Nearly 4,500 entries were submitted by 83 Louisiana publications to LPA's 2006 annual competition. Awards were handed out Saturday at the 127th annual convention in New Orleans, and The Independent Weekly took home 47 of those awards ' 20 of them for first place honors.
In the Free Circulation and Special Interest Editorial Competition, Staff Writer Nathan Stubbs won first place in the Best Investigative Reporting category for his account of the rise and fall of former Lafayette Police Chief Randy Hundley. Editor Scott Jordan won first place for Best Feature Story for his narrative piece on the first post-Katrina Mardi Gras in New Orleans and returning to his former home, "A Flood of Emotions."
The editorial department also won first place honors for Best News Coverage, Best Lifestyle Coverage, and Best of Show in Photography. For its coverage of Lafayette's divisive Martin Luther King Jr. Drive issue, the staff won first place in two categories, Best Continuing Coverage of a Governmental Issue and Community Service.
In the Individual Feature Writing competition, The Independent swept the category. Katy Reckdahl won first place for her feature, "Do You Know What It Means To Myth New Orleans?"; Contributing Writer Jeremy Alford won second place; Staff Writer Mary Tutwiler won third place; and honorable mention went to Calendar Editor Nick Pittman.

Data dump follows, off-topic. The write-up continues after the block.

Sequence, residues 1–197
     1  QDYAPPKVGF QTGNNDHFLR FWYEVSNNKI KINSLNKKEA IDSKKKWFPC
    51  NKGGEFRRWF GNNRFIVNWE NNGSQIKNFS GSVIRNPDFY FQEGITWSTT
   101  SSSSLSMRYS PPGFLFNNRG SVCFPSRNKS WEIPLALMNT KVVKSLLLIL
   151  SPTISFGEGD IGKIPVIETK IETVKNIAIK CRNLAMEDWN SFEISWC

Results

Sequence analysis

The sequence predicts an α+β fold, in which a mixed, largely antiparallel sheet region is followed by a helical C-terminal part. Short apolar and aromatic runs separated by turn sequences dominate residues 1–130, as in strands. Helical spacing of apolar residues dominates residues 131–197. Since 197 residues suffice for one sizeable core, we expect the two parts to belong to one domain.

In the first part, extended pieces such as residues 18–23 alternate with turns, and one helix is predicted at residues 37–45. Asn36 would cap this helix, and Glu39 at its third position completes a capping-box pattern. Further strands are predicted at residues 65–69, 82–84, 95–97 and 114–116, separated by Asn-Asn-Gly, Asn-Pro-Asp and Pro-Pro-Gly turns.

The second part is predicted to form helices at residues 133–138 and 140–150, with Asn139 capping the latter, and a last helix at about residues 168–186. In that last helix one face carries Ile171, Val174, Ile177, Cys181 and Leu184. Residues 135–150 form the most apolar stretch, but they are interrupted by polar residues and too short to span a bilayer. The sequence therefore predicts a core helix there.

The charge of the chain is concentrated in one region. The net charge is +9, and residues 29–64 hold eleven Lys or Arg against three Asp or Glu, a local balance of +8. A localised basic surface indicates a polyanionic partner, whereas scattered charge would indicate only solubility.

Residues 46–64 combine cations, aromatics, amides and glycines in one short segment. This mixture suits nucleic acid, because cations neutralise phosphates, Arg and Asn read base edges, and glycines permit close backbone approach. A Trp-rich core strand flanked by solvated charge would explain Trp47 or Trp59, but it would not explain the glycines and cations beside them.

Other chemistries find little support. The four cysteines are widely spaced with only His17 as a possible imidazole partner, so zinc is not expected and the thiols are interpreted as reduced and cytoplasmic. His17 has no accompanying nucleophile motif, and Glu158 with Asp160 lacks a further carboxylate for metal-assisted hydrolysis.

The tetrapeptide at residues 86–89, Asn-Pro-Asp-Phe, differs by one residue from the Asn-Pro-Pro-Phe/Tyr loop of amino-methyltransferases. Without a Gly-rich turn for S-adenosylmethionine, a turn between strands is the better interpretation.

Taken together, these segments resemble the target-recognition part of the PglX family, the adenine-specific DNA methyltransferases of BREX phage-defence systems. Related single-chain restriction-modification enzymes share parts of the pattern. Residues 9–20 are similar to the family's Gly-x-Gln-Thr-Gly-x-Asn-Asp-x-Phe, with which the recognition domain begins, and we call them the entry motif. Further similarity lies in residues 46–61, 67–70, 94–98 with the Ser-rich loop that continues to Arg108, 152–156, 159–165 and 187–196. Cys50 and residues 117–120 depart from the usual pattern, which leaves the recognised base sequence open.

It was also a sweep for Photo Editor Terri Fensel in the Individual Feature Photo - Black & White category. Fensel also won first, third and honorable mention in the category of Individual Feature Photo - Color and placed first in the categories of Best News Photo and Best Feature Photo.
The Independent's graphics department, under the direction of Jason Roy, took home honors for its work with both the paper's editorial and advertising departments. Roy's staff won first place awards for both color and black and white ads, pages with multiple advertisers, advertising ideas and the best ads for retailers. In all, the graphics department captured 17 awards, 6 of them first place honors, for its work.
Lafayette's Gannett-owned Daily Advertiser won top honor in the infamous Oops! category, for its bold, front-page headline on its August 2006 story about the reopening of a Catholic church ' "Synagogue reborn." The Independent Weekly proudly nominated the daily paper for the distinction, which came with the day's only trophy, topped with a golden turkey.